A reader called this morning with a very important Thanksgiving question:
Can I bake a sweet potato casserole and drive it three hours to my daughter’s Thanksgiving in Fort Worth?
Michael Brown’s daughter had specifically requested that he make the family’s beloved sweet potato casserole, but he was understandably concerned about the food safety of a warm casserole sitting in his car and then on a buffet table.
When I returned his call, we talked about the situation, and I advised him against driving the warm casserole to the DFW area. That’s a drive that thousands of Austinites make every holiday, and I’m sure many of them have food in the car. Some of them might have even recreated this exact scenario without anyone getting sick, but the USDA says that you really shouldn’t serve food that has been out for more than two hours.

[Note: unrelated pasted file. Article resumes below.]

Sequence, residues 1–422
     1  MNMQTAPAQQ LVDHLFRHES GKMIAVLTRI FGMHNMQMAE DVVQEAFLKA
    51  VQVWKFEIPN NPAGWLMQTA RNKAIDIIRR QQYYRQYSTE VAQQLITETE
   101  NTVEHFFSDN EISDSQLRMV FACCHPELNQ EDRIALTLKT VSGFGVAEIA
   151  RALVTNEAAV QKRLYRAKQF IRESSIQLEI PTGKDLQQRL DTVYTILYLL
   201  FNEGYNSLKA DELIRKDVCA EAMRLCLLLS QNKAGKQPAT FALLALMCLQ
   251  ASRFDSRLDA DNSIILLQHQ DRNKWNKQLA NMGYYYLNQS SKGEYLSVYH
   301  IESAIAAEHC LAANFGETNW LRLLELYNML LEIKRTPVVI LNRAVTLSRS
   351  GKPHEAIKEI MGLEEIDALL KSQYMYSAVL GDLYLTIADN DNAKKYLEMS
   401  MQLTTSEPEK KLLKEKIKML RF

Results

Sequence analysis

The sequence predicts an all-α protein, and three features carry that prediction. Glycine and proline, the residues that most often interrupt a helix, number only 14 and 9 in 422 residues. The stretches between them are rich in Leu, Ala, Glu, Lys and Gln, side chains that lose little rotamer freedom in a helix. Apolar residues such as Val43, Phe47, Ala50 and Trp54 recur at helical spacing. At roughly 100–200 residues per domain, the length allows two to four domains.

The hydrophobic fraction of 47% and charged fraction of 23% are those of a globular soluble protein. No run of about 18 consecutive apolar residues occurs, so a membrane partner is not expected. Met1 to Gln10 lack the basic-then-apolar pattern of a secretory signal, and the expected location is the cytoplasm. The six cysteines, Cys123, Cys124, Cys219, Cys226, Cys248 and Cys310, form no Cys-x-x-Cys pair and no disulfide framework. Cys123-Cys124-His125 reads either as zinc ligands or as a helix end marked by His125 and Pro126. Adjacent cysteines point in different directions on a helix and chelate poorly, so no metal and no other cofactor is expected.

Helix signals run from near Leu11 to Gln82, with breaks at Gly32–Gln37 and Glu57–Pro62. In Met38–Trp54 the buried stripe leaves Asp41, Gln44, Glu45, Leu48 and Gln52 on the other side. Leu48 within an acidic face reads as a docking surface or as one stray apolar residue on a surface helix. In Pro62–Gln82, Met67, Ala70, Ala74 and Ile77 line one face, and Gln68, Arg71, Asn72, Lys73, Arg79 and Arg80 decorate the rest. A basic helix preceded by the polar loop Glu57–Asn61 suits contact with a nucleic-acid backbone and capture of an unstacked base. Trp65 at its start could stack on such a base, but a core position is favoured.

I suggested Michael bring rolls or another dish that he didn’t have to keep warm or cool on the drive, but there is one possible option. Because the “danger zone” of cooked food is 40 to 140 degrees, which is when bacteria can grow rapidly, Brown could bake the casserole the night before, let it cool and then refrigerate or freeze overnight. He could pack a cooler with ice packs and wrap the casserole in foil to try to keep it as cold as possible on the drive and then reheat it when he gets to his daughters house.
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Not all casseroles freeze well, but that’s the safest option, especially considering that a drive to Fort Worth on Thanksgiving Day could take more than three hours.
Here are more Thanksgiving-related food safety tips from the USDA.